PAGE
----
The Great Humiliator’s Favorite Tricks
If we were more evolved as investors, perhaps TGH would be reclassified as “The Mild Humiliator” (TMH) or even “The Softer, Gentler and Kinder Trickster” (TSGKT). Our preconditioning keeps us repeatedly humiliated by the market through psychological tendencies we fall for over and over again. Unfortunately, and as mentioned before, our biases don’t work alone—they work in concert with each other, making completely nonsensical investment decisions seem rational even while we commit them. Your brain won’t tell you when you’re making a stupid mistake because it doesn’t think the cognitive errors you make are stupid. Rather, your brain tells you the investments “just didn’t work out.” And then you look for something to blame it on—regret shunning.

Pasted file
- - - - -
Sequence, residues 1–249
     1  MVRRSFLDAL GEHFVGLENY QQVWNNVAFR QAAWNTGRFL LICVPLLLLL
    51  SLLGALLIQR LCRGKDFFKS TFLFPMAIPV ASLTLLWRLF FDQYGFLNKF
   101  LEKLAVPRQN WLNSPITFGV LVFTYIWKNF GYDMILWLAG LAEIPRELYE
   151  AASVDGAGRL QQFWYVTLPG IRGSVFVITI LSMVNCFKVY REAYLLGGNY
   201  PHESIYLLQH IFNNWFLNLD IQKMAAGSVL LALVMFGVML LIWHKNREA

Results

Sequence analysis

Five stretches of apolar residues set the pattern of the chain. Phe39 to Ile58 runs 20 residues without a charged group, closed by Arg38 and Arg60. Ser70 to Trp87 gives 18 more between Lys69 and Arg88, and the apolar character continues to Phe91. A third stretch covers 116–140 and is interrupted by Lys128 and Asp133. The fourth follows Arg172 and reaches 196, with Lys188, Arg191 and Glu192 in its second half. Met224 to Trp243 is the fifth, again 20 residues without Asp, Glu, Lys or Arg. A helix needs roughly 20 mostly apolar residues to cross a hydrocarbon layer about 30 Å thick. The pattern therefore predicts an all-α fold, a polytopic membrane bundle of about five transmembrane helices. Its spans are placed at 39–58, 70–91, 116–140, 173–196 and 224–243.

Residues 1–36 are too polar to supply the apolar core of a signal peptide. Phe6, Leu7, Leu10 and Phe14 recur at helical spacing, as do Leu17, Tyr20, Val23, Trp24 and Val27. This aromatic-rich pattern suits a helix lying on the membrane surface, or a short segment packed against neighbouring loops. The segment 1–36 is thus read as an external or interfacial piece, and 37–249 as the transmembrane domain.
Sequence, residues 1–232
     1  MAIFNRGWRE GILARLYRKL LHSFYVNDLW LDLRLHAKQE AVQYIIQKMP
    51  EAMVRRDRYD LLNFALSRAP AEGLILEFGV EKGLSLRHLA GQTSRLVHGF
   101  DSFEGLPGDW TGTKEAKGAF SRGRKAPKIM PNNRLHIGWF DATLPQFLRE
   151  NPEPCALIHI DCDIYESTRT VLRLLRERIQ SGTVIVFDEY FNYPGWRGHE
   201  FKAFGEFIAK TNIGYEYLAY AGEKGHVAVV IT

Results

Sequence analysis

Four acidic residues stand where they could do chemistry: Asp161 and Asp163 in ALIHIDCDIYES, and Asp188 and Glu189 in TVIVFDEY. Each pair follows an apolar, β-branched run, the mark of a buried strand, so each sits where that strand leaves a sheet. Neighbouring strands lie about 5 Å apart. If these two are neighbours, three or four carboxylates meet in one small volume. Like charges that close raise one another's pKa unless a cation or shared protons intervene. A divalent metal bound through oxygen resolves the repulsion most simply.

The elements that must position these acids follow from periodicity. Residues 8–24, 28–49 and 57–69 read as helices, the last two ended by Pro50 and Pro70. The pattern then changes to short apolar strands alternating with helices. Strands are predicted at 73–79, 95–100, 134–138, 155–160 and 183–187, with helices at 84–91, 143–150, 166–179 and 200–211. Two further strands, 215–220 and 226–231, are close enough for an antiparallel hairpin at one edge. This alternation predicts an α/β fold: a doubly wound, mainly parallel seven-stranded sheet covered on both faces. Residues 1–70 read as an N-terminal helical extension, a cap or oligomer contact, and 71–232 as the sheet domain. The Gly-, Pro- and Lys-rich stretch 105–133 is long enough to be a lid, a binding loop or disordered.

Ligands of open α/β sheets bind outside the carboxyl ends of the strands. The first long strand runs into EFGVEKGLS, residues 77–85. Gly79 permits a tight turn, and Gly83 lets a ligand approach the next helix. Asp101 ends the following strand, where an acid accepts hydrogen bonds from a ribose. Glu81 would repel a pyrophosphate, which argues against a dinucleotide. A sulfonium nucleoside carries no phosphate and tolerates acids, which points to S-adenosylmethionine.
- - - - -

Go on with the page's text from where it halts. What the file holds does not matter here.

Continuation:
Your only weapon is Question Three—with every decision you make, ask: What the heck is my brain doing to lead me astray this time? The more sane and rational a decision may seem, the more important it is to ask. I’ve given you some examples already of your brain working against you, and I give you more later in this book. You can make a list of them and keep it by your desk or nightstand. But you must keep asking yourself the question with every decision: What is my brain doing to blindside me now?
Consider the following hypothetical (though very plausible) scenario with an investor we’ll call Jim. See if you’ve ever made similar decisions.
Let’s say Jim’s overall portfolio has risen 50% over the past ...